Local youth shaping future of Black history are ‘actively engaged’

The future of Black history is in the hands of the girls and boys growing up in what Miami University sociology professor Randy Coates calls an “inflection point” in American history.

The history of the Black culture and experience will remain the same now as it is taught in the future. But Coates argues that with technological advances and more voices emerging to tell the multiple histories of the Black culture, how it’s taught will evolve.

“We are in not only an inflection point, but we are in a massive transformation in how we collect and how we tell stories,” said Coates. “We have a whole future group of historians and sociologists and psychologists that are going to have access to an infinite wealth of information. This generation that’s with us right now, their whole lives have been recorded on social media. It’s there, and the internet does not go away.

“We’ve got 20, 30 years of these stories, and this generation, unlike many others, everything they do, they want to put it on social media ― good, bad, or indifferent,” Coates said.

Not only will there be tons of material that future historians, social commentators, and scholars will have to draw upon that will comprise the multiple histories of Americans, Coates said, “They’re going to be very, very multifaceted, and right now we are in an inflection point were people are actively engaged in ‘what is America going to look like in 10, 15, 20 years from now.’”

In a decade or two from now, the future will be in the hands of kids like Irin Oatis, a 12-year-old who wants to “make my own history” by being a computer and software engineer, and said, “I want to see more of our wonderful Black people prospering.” While there are challenges Black people face, he said he remains hopeful in his future because of past leaders, like the Rev. Martin Luther King Jr. ― a man Irin admires, saying the civil rights leader “spoke proudly” and “did what he had to do” to fight for equal and civil rights.

The future will also be shaped by 12-year-old Mikayah Walker, who admires the heroic actions of Harriet Tubman as she not only escaped as a slave but “went back to save her family, and went back to get other people. She risked her life to save a lot of people on the Underground Railroad.” For her history, besides being a famous actress, Mikayah said she wants her legacy to show generations behind her they should “choose your own dream,” and while it’s okay to accept help along the way, “it’s important to make your own way, and keep on trying. You can’t cheat your way to success.”

Kierra Wilson, 10, civil rights activist Ruby Bridges, the first African-American student to integrate an elementary school in the South in 1954. “She was a little Black girl who liked school, and I like school,” Kierra said. Bridges remains to this day an activist for racial equality, and Wilson also wants to see that goal be accomplished when we have “no more racism” and the world, not just America, is a safer place. Because when she hears about violence and other atrocities against Black people, Wilson said, “I think it’s wrong and they (perpetrators) shouldn’t be doing that, and we all should have our time to live on this Earth.”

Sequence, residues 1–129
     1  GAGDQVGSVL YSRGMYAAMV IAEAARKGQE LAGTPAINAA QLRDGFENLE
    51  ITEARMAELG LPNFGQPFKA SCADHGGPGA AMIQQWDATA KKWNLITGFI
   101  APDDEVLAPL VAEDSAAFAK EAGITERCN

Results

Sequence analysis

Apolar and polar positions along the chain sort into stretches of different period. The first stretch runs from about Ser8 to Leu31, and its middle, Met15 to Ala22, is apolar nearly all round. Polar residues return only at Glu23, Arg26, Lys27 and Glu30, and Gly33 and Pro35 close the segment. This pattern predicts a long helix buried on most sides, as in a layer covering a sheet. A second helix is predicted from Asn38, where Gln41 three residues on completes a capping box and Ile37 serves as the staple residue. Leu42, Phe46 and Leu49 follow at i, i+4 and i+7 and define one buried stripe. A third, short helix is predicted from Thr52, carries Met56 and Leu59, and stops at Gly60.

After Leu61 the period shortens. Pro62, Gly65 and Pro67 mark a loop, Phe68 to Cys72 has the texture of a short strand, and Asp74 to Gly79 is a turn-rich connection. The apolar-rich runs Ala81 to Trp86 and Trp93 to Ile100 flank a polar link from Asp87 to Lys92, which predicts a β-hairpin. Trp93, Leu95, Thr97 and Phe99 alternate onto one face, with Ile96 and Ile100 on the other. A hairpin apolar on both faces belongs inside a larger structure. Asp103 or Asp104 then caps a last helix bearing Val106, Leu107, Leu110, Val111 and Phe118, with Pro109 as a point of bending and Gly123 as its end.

Local leaders optimistic

Knowing that Black children are not only learning but are inspired by their culture gives hope for Ebony Brock, the director at the Booker T. Washington Community Center on South Front Street in Hamilton, where these and other children can often be found many days after school.

“I’m very optimistic about our future, and I think a lot of it is because of the work that I do with our children,” she said. “For me, it’s rather difficult not to find hope, even though I have a unique position because I see their challenges, I see their circumstances, but if you look into their eyes, you can see there’s a little glimmer in some of them of hope. For me, all I need to see is a glimmer.”

Brock hopes that many of the children she sees running through the halls of the Booker T. Washington Center become our future leaders in the country’s cities and local, state, and federal governments. And just like other cultures, races, and ethnicities, young Black children need to learn their past in order to open those doors into the future.

“Acknowledge it, own it,” Brock said of the fight Blacks have had to endure throughout American history. “And then the question becomes a question of ‘What needs to be done so this doesn’t continue to happen, and our children and their children live in a different world?’ For me, that’s the goal.”

The nation will only grow stronger as the stories of all cultures, races, and ethnicities are told and understood, because Coates said, “It is in our interest that we understand these multiple truths because it makes us a stronger nation. It will not make us a house divided, but a united nation of Americans. We’re different; those differences aren’t going away. In fact, those differences are what makes us great. It makes us special. We are the most diverse nation in the world, that is what has been our secret weapon, that strength of our diversity.”

But the question of “Why do we still have a Black History Month?” is still asked today, Brock said, and when she hears it, her response is: “If we still have to explain why the celebration of Black culture is important, that lets us know how much more work we have yet to do.”

Just like when Americans celebrate religious high holidays or the cultures of others, such as the Irish and Germans, Black history is celebrated because it matters not only to the Black community but also to American history.

“If we still have to explain why the celebration of Black culture is important, that lets us know how much more work we have yet to do."

- Ebony Brock, Booker T. Washington Community Center director

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